westernise our nation." Actually. if there is an outside source of
guns and influence in Xinjiang, it is likely to be Afghanistan's
Taliban militia-not noted for their fondness for the West.

The Chinese authorities have now tightened control over campuses,
cracked down on religious teaching and reinforced security at the
borders. Teachers have been exhorted to show "patriotic Brings and
uphold atheism". Government officials are to be on the look-out
for the many books being read in Xinjiang that are of "low taste,
or even works of a gloomy nature." But as is so often the case in
China, many of the problems in Xinjiang seem to lie within the
Communist Party itself. The local paper has even spoken of party
officials being involved in "explosions and assassinations of a
political colouring."

The Chinese government emphasises that it deems only a small number
of Uighurs unpatriotic. Indeed China has an avowed policy of
positive discrimination towards its 50-odd minorities and appears
quick to tackle insensitivities displayed towards Uighurs. It
banned a popular book last year called "Weird Sex Customs", which
gives a rather imaginative description of Islamic sexual life. In
an unprecedented case, the government investigated and publicised
the sexual harassment of a female Uighur soldier by a Han general.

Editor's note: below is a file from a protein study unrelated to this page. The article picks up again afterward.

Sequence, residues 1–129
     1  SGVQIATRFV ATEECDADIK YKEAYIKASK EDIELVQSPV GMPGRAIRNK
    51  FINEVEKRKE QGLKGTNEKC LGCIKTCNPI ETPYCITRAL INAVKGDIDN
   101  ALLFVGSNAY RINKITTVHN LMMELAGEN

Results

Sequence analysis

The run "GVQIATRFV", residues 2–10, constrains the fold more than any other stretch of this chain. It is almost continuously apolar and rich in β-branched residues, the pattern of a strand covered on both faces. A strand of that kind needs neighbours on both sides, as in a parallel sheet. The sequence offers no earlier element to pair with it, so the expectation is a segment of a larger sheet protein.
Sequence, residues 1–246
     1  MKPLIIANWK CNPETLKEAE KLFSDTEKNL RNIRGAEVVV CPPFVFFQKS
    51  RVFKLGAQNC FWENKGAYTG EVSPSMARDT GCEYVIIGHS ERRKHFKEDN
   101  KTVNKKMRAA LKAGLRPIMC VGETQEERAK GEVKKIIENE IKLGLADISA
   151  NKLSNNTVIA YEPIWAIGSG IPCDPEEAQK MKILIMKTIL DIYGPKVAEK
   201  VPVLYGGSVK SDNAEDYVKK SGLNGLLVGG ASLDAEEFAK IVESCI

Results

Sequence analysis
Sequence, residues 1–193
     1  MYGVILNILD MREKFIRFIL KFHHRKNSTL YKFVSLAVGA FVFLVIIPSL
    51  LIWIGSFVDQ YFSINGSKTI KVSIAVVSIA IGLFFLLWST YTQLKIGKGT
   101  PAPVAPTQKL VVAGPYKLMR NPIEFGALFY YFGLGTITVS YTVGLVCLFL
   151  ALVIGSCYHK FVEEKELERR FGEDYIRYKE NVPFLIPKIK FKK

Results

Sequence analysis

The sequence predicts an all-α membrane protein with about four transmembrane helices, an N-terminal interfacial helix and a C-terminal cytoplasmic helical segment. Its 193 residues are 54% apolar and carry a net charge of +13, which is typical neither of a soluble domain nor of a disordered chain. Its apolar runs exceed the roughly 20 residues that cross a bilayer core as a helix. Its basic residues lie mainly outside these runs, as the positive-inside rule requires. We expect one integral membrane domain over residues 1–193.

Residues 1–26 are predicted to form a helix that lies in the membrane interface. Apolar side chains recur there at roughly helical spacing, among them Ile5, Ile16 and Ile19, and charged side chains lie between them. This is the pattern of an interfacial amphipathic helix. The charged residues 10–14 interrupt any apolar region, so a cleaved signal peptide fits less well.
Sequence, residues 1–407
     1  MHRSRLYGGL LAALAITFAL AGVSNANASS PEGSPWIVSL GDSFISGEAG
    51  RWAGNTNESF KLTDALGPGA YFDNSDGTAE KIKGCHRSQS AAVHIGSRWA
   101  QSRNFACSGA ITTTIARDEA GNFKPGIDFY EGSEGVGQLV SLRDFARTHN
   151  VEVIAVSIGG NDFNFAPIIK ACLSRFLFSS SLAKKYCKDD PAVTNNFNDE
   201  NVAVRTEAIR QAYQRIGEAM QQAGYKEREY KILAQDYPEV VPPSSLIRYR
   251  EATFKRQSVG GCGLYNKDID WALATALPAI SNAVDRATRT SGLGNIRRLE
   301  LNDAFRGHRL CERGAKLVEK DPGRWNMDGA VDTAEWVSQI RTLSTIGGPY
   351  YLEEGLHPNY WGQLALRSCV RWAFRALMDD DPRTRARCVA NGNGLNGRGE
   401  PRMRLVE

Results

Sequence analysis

China's traditional method of assimilating its outlying territories
has been to encourage Han Chinese to emigrate from the densely
populated heartland, swamping the minorities. In Inner Mongolia
Hans now outnumber Mongolians sixfold. And although Beijing hands
out graphs to foreign journalists purporting to show how few Han
live in Tibet, they have in fact been pouring into Tibet's larger
towns during the past few years.

In Xinjiang locals resent Han immigrants, who are said to get the
best jobs on the construction sites and in the oil fields that are
being developed. They resent the fact that few Chinese bother to
learn Uighur. They resent the suppression of anything other than
state-blessed worship. They are outraged at the forced
sterilisation of women. And they consider that China's
nuclear-weapons test site at Lop Nor threatens their health. (China
recently announced an end tests.) This string of grievances plays a
part in what the authorities perceive as a "separatist" movement.

But China's neighbouring Muslim states are also not keen to see
fundamentalism fanned in western China, for fear of the regional
instability that it might foster. Last year Russia, Kazakhstan,
Kirgizstan and Tajikistan signed border agreements with China.
Beijing has also pressured Central Asian governments to withhold
support from exiled groups.

Can Beijing maintain control? The numbers of troops in Tibet give
the place the air of an easily occupied country. And Xinjiang's
garrison also is kept strong, for three reasons: the troops serve
as a tool for domestic control, as a border force, and as a guard
for what some claim are two-fifths of China's potential oil
reserves. Inner Mongolia, Tibet and Xinjiang all have powerful
public-security forces as well as the army, so China does not lack
for brute force. The authorities may have to resign themselves to a
diet of surly resentment, hit-and-run violence and sabotage, but
they could probably put down a popular uprising with ease. It might
need a crisis in Beijing to provoke one in Xinjiang; it was only
during a period of turmoil and civil war in China, from 1944 to
1949, that the Uighurs last gained independence.